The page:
Tennessee Tech students design walker for boy with special needs

(Courtesy: Tennessee Tech University)

COOKEVILLE, Tenn. (WKRN) – Students at Tennessee Tech University designed a walker for a 2-year-old boy with special needs.

Kyle Kitts was diagnosed with Angleman’s Syndrome when he was only 2-weeks-old.

The disorder stunts growth and his parents knew Kyle would need a walker to get around.

They shopped around and could not find a good match, which is when TTU stepped in.

Students in Dr. Stephen Canfield’s class designed and built the walker and presented it to Kyle’s family just before Christmas.

“We wanted to make it light, and there are obviously a lot of challenges with that. We also wanted it to fit him and grow with him, that was something we had to come up with all at once,” said engineering student Nathan Parkinson, Jr.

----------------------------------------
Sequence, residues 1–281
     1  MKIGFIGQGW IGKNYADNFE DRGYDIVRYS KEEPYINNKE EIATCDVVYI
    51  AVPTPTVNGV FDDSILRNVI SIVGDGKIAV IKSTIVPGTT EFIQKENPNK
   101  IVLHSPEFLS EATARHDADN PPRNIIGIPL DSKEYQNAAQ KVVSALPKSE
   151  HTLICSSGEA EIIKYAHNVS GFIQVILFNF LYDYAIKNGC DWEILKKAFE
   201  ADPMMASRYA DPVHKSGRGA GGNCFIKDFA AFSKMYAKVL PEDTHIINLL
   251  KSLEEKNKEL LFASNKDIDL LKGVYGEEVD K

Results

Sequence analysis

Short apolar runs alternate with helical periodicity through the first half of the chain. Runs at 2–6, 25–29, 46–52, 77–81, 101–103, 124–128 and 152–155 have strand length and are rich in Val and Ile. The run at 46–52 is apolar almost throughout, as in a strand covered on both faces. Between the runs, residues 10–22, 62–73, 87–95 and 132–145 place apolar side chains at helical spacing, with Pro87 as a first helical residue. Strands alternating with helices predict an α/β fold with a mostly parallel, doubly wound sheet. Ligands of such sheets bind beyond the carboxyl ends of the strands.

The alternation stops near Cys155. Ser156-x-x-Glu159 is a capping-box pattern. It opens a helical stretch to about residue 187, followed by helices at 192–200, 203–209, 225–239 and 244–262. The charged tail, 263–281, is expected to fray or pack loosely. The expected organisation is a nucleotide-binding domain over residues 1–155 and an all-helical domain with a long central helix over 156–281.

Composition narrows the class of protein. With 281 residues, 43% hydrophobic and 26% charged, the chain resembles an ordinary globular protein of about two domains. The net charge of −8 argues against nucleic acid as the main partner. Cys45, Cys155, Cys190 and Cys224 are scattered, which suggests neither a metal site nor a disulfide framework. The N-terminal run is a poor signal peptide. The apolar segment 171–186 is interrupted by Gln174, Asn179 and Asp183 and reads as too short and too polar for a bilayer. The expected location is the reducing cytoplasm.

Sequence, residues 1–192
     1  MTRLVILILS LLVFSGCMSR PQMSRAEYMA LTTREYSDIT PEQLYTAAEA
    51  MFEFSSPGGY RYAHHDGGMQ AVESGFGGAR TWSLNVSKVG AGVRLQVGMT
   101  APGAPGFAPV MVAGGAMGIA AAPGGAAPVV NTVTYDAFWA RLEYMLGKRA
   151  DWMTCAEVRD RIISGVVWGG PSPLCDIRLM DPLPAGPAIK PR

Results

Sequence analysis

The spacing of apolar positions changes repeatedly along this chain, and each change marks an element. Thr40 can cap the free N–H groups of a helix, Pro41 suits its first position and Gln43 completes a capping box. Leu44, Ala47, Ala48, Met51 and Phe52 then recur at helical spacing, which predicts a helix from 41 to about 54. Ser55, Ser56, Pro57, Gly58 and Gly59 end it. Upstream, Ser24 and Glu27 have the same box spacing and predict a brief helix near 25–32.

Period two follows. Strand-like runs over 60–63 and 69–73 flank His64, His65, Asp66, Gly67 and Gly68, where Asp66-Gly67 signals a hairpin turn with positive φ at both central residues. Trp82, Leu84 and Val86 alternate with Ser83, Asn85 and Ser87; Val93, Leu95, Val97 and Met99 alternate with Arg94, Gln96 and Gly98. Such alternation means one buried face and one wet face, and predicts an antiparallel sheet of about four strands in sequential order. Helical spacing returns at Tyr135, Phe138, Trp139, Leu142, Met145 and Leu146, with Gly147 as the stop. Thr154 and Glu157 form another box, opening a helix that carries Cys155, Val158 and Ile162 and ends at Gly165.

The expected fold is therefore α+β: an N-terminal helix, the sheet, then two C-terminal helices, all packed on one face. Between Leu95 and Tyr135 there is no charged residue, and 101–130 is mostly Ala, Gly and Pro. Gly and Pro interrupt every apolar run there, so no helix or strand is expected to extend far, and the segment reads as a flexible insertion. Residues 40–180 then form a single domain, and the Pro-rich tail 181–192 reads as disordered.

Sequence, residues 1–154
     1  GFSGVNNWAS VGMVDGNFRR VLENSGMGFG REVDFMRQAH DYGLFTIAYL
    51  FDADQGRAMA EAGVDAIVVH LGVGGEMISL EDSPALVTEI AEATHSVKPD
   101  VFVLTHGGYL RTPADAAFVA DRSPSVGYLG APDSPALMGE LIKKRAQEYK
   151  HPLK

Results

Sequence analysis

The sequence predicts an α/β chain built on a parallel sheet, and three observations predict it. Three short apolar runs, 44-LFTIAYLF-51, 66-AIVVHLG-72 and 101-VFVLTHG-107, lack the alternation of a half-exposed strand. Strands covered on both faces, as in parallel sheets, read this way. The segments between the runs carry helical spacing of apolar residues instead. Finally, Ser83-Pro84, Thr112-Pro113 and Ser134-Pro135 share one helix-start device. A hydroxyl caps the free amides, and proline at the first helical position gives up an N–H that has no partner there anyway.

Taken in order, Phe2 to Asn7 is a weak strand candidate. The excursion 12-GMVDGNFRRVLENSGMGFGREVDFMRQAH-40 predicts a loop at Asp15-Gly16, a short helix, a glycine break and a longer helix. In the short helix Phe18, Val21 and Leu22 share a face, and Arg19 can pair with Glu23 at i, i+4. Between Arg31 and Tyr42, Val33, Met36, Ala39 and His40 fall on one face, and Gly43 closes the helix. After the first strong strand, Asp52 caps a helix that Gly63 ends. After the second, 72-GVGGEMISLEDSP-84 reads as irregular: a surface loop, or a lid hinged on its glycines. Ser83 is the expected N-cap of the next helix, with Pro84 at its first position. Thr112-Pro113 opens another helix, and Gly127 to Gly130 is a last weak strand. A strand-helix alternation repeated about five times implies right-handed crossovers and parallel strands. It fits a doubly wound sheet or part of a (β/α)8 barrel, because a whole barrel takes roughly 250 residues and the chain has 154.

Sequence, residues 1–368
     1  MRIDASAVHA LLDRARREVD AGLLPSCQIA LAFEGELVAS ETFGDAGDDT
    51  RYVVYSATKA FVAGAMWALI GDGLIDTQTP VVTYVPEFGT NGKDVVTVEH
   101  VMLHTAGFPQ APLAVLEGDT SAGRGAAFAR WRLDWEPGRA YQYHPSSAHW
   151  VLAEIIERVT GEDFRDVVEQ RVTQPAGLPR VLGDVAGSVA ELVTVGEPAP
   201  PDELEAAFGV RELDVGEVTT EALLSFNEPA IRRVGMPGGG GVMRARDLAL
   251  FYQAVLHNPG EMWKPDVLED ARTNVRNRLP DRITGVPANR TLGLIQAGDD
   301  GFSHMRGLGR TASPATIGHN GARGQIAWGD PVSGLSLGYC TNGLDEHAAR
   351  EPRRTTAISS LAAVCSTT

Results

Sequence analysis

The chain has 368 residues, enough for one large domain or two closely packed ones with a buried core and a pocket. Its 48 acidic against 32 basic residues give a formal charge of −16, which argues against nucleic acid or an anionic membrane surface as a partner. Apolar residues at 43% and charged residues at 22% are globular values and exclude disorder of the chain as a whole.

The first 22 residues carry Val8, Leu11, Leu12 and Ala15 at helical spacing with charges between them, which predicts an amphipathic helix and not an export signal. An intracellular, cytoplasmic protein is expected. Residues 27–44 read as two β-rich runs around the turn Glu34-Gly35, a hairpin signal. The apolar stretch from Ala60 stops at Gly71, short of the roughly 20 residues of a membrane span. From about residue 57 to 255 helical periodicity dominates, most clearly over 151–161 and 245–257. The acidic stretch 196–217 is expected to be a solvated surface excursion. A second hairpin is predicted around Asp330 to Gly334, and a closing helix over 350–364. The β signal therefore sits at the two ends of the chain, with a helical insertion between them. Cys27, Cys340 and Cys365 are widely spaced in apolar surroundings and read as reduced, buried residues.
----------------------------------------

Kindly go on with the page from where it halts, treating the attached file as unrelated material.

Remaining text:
Kyle’s mother was overjoyed by the walker.

“I’m ready for him and I know he’s going to be into everything, he’s already into everything at the house,” said Deana Miller.

The class is called Early Intervention and Mechanical Engineering. Students divide into teams and take on projects for children with special needs.

“I like to see them grow throughout the course of the semester as they take on a project, at the beginning of the semester you can see they are nervous about maybe what they can come up with and at the end, you can see they have grown and they are excited about what they can do,” said Professor Dr. Stephen Canfield.

All the students in the class received an “A” for the semester.

Click here to learn more about the project.